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SWAZI MTN LIMITED V SPTC _ ELIJAH ZWANE

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SWAZI MTN LIMITED V SPTC _ ELIJAH ZWANE Powered By Docstoc
					            IN THE SUPREME COURT OF SWAZILAND


HELD AT MBABANE                       CIVIL APPEAL CASE
                                      NO. 19/2011

In the matter between:

Swazi MTN Limited                     1st Appellant
MTN International (Pty) Ltd           2nd Appellant
Mobile Telephone Networks             3rd Appellant
Swazi Empowerment Limited             4th Appellant

and

Swaziland Posts & Telecommunication
Corporation                           1st Respondent
Elijah Zwane                          2nd Respondent

Coram                :                J.G. Foxcroft
                                      A.M. Ebrahim
                                      S. A. Moore

For The Appellants                    J.J. Gauntlett SC
                                      F.B. Pelser

For The Respondents                   W. Klevansky SC
                                      P.E. Flynn


Heard                :                20th May 2011
Delivered            :                31st May 2011
                                   SUMMARY




Application for interim relief – Application withdrawn following agreement which
was made an Order of Court – Whether Court considered application before it –
Government of Swaziland not a contracting party – Matters in dispute still
unresolved – Outstanding disputes to be resolved by Arbitration in terms of Joint
Venture Agreement – Respondents acting in defiance of Court Order – Costs
awarded on Attorney-and-Client scale.




1
                            JUDGMENT
__________________________________________________________________

MOORE JA

OPENING

[1]   This matter is regarded as urgent by all parties concerned. It

      reached the roll for the month of May 2011 by way of an order

      of the Honourable Chief Justice Ramodibedi dated 4th May

      2011 under which it was directed by consent that the appeal

      be enrolled for hearing on the 20th May 2011. There was no

      order as to costs.



      BACKGROUND



[2]   In an urgent application instituted on the 20th May 2010

      under Case Number 1896/2010 (“the first application”) the

      Appellants sought an interim order interdicting the First

      Respondent herein from providing or rolling out any fixed

      wireless and/or mobile network services using its Next

      Generation Network (“NGN”) and/or Fixed Wireless Solution in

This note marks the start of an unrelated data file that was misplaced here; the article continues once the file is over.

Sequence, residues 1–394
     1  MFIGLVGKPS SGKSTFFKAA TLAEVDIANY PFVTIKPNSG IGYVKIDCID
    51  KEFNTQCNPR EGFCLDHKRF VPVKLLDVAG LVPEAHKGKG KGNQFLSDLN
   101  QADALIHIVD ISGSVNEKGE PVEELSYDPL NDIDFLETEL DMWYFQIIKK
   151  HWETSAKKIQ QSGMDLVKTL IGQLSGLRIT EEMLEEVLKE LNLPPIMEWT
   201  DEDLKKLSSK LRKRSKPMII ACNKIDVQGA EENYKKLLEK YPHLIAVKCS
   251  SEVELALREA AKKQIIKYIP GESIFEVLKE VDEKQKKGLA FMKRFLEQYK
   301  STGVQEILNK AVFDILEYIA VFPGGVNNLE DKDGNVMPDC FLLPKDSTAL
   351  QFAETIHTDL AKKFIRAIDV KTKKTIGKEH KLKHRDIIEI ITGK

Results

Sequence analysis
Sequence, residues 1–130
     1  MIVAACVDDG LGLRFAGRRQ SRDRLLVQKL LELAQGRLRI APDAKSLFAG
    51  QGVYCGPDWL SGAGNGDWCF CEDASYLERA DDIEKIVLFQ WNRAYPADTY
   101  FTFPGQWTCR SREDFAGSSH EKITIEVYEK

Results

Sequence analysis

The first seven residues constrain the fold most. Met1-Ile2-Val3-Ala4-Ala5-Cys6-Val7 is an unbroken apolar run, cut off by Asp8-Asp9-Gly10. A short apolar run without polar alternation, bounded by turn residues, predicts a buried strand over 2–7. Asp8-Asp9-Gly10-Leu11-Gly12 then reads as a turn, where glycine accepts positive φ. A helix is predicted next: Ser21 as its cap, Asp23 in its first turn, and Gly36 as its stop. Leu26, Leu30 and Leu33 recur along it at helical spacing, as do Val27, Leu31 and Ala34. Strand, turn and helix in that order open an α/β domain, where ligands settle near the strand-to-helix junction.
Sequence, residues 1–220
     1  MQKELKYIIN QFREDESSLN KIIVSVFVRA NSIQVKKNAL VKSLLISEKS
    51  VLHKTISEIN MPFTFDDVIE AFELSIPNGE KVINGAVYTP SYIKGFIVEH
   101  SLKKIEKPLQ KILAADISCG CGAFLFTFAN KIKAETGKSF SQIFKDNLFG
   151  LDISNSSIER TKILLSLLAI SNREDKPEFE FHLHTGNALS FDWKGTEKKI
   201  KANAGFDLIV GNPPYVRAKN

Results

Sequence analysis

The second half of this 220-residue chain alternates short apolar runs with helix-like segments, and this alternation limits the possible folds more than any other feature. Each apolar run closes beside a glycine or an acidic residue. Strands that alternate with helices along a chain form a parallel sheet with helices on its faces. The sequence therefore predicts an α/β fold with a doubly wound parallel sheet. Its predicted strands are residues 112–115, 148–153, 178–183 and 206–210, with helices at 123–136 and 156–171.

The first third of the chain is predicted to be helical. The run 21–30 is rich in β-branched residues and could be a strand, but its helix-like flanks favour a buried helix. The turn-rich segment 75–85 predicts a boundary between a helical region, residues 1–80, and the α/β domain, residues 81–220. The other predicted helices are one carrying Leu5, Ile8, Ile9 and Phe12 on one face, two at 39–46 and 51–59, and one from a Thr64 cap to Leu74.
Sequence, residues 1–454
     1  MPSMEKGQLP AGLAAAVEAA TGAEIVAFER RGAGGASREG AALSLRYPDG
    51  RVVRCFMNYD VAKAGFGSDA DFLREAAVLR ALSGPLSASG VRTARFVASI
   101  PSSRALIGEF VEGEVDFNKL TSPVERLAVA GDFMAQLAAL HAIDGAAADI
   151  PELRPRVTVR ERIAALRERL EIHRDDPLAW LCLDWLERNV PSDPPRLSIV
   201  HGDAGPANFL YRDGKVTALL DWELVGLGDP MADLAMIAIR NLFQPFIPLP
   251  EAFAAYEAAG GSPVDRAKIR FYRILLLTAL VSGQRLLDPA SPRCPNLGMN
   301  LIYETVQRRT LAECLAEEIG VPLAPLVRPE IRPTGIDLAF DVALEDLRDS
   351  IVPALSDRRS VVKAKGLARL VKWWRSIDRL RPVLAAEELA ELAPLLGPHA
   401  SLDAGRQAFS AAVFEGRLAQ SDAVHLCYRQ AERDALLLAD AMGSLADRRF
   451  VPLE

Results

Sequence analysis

2
      competition with the First Appellant (Swazi MTN) pending the

      resolution of Arbitration proceedings to be instituted by Swazi

      MTN. Those proceedings were withdrawn under the terms of

      the Agreement which was made an Order of Court dated 4th

      June 2010.



      THE PARTIES



[3]   The parties to the controversy before us have been described

      in the affidavit of Ambrose Dlamini The Chief Executive Officer

      of   the    1st   Appellant.    It    should    be    observed   that   the

      Government of Swaziland was not a party to the Joint Venture

      Agreement nor was it a party to the Appeal.


      THE APPEAL



[4]   The grounds of appeal were fully set out in the Notice of
      Appeal. They are that the learned Judge:


            1. Erred in not granting the Application to Compel the
                 Respondents     to        comply    with   the   Agreement    of
                 Settlement which was made an Order of the Court a
                 quo on 4 June 2010 (the Consent Order).
3
    2. Erred by dismissing the Application directing the
      Respondents to comply with the Consent Order.


    3. Misdirected himself and committed an irregularity by
      deciding another Application that was not before him
      for    decision      and   had   been     withdrawn      by     the
      Appellants and the withdrawal made an Order of
      Court, in the course of deciding the Application to
      Compel compliance with the Consent Order.


    4. By deciding an Application that was not before him
      took    into    account     irrelevant        considerations    not
      germane to the issues before him.


    5. Erred in not holding that the matter before him
      concerned       the   interpretation      of    the   Settlement
      Agreement and the Consent Order dated 4 June
      2010,       namely     whether    the     Respondents          were